The three SMEs have arranged the ownership of Foreground in advance of project start. They have transferred all Foreground to a separate entity where the ownership structure, in the form of the total share capital, is distributed as follows: Offshore Monitoring Ltd 42.33%, HJELMSTAD AS 37.85%, Global Maritime Services Ltd 19.82%.

The transfer of all resources provided in the project to one entity is favourable for the further industrial and commercial routes. It is anticipated that the majority of the income from the first commercial sales will be directly allocated to further empower this entity with resources to ramp up production, distribution and installation efforts since in the end of the project the entity will be reliant upon the production capability of PRE and their distribution network. Even though their production facilities are state-of the- art and their network extensive, it will be considered to go into a joint venture with one of the large equipment providers in order to take advantage of their (more extensive) distribution network and service/ maintenance/support services. Moreover, it must be considered if production/manufacturing/assembly of the system can be performed more cost-effectively elsewhere. Another advantage with a separate entity with shared responsibilities among the three leading SMEs is that the entity is less vulnerable to any changes in each of the shareholding SMEs.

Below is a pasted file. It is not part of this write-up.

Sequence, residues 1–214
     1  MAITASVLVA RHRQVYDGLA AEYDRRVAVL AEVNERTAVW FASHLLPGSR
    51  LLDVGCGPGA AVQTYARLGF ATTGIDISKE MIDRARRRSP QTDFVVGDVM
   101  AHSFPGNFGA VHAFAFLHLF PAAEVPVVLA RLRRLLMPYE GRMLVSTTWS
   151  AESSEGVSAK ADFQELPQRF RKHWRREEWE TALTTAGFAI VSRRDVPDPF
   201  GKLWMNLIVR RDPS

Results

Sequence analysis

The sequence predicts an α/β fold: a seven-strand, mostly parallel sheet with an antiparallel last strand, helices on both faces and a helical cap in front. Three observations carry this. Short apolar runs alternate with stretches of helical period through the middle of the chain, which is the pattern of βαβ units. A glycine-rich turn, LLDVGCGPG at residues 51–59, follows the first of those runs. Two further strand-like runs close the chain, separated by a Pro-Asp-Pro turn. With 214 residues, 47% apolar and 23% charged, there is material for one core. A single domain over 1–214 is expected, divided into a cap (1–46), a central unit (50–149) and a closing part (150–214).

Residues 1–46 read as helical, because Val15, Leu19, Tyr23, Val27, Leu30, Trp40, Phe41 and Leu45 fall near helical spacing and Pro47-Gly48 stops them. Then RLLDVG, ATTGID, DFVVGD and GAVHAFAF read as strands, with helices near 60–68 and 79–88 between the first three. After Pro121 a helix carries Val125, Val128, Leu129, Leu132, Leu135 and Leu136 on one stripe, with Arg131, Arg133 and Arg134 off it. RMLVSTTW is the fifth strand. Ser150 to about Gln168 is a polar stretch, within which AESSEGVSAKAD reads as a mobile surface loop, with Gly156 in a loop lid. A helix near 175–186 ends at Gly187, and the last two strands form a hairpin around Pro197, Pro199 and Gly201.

In respect to the latter, it implies that the owner of the IPR is the new entity. With respect to the terms of exercising the ownership, the joint ownership arrangement has clarified management issues such as the sharing of the costs arising from legal protection procedures (e.g. patent filing and examination fees, renewal fees, prior state of the art searches, infringement actions, etc.) and the exploitation of the jointly owned foreground (e.g. sharing of any revenues or profits). This joint ownership arrangement also takes into account the different national joint ownership regimes to avoid their potential pitfalls.

The three leading SMEs are free to transfer Foreground (all or in parts) to the new entity at the time of convenience of the SMEs without the need for prior notice nor approval by any other party (nor the European Commission/Research Executive Agency).

Protection of the foreground
Valuable foreground has been protected. Protection is mandatory in all cases.

Where foreground is capable of industrial or commercial application (even if it requires further research and development, and/or private investment), it have been protected in an adequate and effective manner in conformity with the relevant legal provisions, having due regard to the legitimate interests of the 3 leading SME participants, particularly their commercial interests. The 3 SMEs will collectively reflect on the best strategy to protect in view of the use of the foreground both in further research and in the development of related commercial products, processes or services.

The reference to industrial or commercial applicability and to the legitimate interest of the 3 leading SMEs means that Intellectual Property protection is mandatory in all cases.

Although the SMEs do not have to formally consult the other participants when deciding to protect (or not to protect for reasons specified above) a specific piece of foreground they own, the other participant has been informed, also after protective measures have been taken.